While Washington bemoans its own inaction toward addressing the impending “fiscal cliff,” Americans across the country are stuck wondering what lies ahead for the coming year. Yet, as many families plan for the worst, fearing the threat of a renewed economic slump, the energy economy in the Northern Great Plains of North Dakota is thriving. Centered on the remote town of Williston in the northwest corner of the state, an energy boom is fueling a migration of newcomers looking for work. As a result of increasing energy prices, and the introduction of new extraction technologies (primarily horizontal drilling, and hydraulic fracturing a.k.a. “fracking”), the region has seen an increase in population and income. With a population of 14,716 in 2010, Williston grew by 17% during the previous decade. This growth can be easily explained by the average industry wage of $90,956 (oil and gas extraction). Average wages across all industries for Williams County increased from $22,379 in 2000 to $72,617 in 2011.
The New York Times ran an article this week highlighting the many young workers who are opting to cash in on this modern gold rush, rather than attending some type of post-secondary education. With the allure of a $50,000+ starting salary fresh out of high school, it is not hard to imagine why 18 and 19 year olds across the region are choosing a high paying job and a shiny new truck over classes and books, and a lifetime of debt. While unemployment and massive student debt continues to weigh down the country’s youth generation, it is likely that a trend of delaying college for work in the oil industry could increase. As gas prices continue to rise and more oil/gas reserves are being tapped for new production (e.g. Marcellus Shale across Pennsylvania and New York), it can be expected that energy production will play a key part in the economic stability of those regions. But we must ask, at what cost? How long will these jobs last? Could a job in the oil fields finance a debt-free college education? What are the long-term environmental impacts of unregulated production? How can these small towns and local residents best manage the fast pace of growth, efficiently and equitably?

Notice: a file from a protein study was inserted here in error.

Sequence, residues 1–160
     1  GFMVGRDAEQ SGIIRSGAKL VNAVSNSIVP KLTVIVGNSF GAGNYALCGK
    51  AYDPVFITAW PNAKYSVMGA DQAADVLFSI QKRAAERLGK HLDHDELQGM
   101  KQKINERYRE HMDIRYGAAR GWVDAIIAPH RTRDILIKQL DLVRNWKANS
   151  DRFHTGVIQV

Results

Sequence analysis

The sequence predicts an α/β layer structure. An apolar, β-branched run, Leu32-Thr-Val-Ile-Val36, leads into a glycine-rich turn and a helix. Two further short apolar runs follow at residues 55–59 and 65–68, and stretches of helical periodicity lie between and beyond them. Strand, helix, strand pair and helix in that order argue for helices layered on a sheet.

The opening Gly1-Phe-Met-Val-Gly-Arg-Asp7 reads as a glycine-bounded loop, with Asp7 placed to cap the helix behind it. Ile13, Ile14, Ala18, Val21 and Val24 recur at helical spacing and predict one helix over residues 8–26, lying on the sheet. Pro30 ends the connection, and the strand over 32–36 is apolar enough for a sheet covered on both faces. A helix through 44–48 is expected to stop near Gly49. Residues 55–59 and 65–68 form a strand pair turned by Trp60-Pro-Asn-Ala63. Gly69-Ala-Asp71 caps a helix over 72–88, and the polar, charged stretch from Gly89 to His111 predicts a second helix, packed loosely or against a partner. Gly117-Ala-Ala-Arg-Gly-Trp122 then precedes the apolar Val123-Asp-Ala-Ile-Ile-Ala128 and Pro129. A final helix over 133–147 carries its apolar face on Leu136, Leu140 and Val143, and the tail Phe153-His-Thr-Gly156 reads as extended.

Using PolicyMap we can analyze some of our data to show this modern “boomtown” growth on a map. The first map below displays population change from the 2010 Census by county, showing massive depopulation across the Great Plains. However, when we zoom into the Williston region, along the border of North Dakota and Montana, our analytic pulls out those counties where the percent change of youth population (18-34) has increased by greater than 15% and average annual wage by state in the oil and gas extraction industry exceeds $70,000. These areas stand out as growing in population, while surrounded by communities that are largely emptying out. Whereas young people across the region might have otherwise headed for a college town or big city after high school, this growth is largely due to migration of young workers, which in some areas saw an increase as high as 75%. The wage statistics come from the Bureau of Labor Statistics Quarterly Census of Employment and Wages (QCEW), which lists the number of jobs and average wages by industry, and can be found under the “Jobs & Economy” tab.
(Click for larger image)